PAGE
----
I started my first play-by-play job 25 years ago this week, and it was a move I don’t think many would make.
I started in the broadcasting business at the ripe old age of 19, having been given the “reigns” of producing a five-hour sports talk show at WBNS-AM, in Columbus, Ohio. At that time, the station did not own the broadcast rights to Ohio State football and basketball games, so I was basically flying blind trying to keep the show afloat against our chief rival, which at that time DID own the OSU rights.
Producing was not my strength, but I feel I did a good job.
My goal upon entering broadcasting was to be a play-by-play announcer. After 11 years at WBNS (which included becoming a member of our Ohio State on-air broadcast team, we had since acquired the rights), I was getting a little anxious for a play-by-play shot. I filled in on occasion on our coverage of Columbus Clippers baseball, did local cable-TV High School games, and did some freelance radio work for schools coming to games at Ohio State.
In late July of 1992, while searching the newspaper want-ads (yes, the want-ads. That was one way to look for a job before the Internet) I noticed an ad for an opening at WIZE-AM in Springfield, Ohio. The station had been the radio home for Division III power Wittenberg University athletics for years, and had decided to make a change in the sports director position. I quickly mailed (again, it’s 1992) my cassette tape and resume to the program director, Mike Manley. Three weeks later I was offered, and accepted, the position.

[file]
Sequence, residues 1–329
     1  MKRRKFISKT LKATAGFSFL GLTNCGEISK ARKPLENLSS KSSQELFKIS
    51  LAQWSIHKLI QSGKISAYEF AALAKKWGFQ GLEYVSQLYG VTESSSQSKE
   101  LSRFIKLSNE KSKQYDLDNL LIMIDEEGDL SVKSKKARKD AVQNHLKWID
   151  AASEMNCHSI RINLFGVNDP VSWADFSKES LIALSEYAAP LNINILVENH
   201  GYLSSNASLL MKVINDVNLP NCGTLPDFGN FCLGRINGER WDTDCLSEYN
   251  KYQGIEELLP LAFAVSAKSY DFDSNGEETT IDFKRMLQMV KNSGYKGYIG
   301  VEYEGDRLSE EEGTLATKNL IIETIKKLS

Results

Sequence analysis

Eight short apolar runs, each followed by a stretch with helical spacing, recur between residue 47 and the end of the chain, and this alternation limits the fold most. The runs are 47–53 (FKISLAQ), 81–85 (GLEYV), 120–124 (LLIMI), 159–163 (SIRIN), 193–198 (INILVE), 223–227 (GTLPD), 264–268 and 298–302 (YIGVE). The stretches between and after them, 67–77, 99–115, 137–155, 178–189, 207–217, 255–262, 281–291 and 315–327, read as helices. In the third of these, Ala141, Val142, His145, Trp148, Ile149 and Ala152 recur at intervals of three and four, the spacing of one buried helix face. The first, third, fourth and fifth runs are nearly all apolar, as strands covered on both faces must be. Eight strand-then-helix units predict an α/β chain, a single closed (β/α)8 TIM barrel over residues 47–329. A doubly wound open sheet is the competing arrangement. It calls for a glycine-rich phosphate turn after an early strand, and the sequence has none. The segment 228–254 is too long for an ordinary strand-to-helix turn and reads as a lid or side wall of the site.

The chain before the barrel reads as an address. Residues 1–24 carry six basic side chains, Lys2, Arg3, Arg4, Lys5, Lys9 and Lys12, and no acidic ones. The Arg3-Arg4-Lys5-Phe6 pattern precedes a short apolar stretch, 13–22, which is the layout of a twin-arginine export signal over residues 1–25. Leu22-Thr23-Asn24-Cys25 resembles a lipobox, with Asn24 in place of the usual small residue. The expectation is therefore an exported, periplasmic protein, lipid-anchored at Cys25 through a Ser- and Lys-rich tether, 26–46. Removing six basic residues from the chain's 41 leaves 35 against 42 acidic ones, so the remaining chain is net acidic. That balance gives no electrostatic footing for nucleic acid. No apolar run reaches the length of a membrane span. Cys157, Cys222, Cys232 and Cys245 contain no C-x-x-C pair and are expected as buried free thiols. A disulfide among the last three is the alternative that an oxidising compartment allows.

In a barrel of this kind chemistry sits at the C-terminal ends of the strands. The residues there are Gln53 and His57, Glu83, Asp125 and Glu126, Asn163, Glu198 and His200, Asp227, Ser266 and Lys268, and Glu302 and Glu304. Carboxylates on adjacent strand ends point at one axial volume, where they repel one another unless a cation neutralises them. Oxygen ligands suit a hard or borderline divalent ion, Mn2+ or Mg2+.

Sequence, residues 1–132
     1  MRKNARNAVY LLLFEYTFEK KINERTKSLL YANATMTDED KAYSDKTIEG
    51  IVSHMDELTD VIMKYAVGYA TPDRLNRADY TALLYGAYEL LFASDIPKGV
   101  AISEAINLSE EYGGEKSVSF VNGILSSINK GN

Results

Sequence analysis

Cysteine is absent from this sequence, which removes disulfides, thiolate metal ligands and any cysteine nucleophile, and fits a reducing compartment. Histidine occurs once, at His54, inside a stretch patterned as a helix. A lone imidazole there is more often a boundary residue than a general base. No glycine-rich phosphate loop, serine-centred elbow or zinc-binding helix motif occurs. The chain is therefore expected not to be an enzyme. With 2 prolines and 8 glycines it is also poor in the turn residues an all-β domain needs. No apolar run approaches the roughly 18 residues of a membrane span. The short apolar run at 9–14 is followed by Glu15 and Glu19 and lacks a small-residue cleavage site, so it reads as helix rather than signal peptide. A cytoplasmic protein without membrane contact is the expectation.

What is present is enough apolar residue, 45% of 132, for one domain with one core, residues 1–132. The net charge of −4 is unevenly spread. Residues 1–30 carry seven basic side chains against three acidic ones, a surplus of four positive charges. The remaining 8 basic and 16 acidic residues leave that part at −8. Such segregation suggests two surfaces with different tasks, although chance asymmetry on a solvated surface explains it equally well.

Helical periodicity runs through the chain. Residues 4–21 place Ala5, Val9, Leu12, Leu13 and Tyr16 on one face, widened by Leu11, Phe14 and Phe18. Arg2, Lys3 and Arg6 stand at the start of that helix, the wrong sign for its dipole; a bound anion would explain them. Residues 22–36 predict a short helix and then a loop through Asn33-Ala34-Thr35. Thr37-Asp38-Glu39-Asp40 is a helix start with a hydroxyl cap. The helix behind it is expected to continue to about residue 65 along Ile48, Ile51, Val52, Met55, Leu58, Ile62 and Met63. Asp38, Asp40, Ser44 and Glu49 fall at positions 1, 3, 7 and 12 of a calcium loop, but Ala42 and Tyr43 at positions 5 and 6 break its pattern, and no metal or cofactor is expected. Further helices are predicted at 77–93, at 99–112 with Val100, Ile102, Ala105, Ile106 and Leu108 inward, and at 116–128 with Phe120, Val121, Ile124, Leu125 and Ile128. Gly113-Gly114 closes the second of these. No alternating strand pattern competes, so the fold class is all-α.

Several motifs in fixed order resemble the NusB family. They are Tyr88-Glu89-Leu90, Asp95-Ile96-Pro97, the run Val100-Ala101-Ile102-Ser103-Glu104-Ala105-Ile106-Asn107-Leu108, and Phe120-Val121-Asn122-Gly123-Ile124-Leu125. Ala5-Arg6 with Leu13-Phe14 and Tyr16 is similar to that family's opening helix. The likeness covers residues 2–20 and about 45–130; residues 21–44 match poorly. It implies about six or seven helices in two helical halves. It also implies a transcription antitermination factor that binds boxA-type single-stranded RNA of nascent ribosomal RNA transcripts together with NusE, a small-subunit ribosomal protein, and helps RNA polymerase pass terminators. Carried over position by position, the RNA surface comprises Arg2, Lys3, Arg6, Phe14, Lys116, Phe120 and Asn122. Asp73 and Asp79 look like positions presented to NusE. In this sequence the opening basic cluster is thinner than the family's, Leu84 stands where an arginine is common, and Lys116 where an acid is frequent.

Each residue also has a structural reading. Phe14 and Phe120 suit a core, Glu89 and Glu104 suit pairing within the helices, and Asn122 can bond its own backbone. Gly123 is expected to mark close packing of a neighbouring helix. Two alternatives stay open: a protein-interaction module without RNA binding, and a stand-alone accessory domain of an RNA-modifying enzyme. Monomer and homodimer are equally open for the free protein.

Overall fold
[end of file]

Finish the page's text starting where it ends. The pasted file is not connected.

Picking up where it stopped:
Many of my friends and family questioned my sanity for leaving the “glamour” of Ohio State games for the relative obscurity of Division III athletics. I, however, was ecstatic. Not only was I calling Wittenberg games, but I also had a full slate of high school football and basketball games to call as well. On average, I did the play-by-play on an estimated 75 to 100 events from any given September through May.
This week, 25 years ago, I started that job. I am fully confident that without making that move, none of the things I have accomplished since — calling Ohio State football, men’s and women’s basketball, working for ESPN and FOX-TV, Arena Football League games, and so much more — would not have occurred without making that move.
This business is all about timing and taking a risk. In some cases, like mine, you have to go backwards in order to move forward. Don’t be afraid to take that chance.
Marty Bannister has been a part of the on-air broadcast team, or has performed the play-by-play, at three NCAA Division One National Championship football games, NCAA men’s and women’s basketball tournaments, Olympic Trial events, Triple AAA Minor League baseball, Arena League professional football, collegiate hockey, wrestling, soccer, softball, volleyball, and baseball. He hosted and produced sports talk and coaches call-in shows.
Marty has been an STAA member since 2016. Read more of Marty’s guest posts.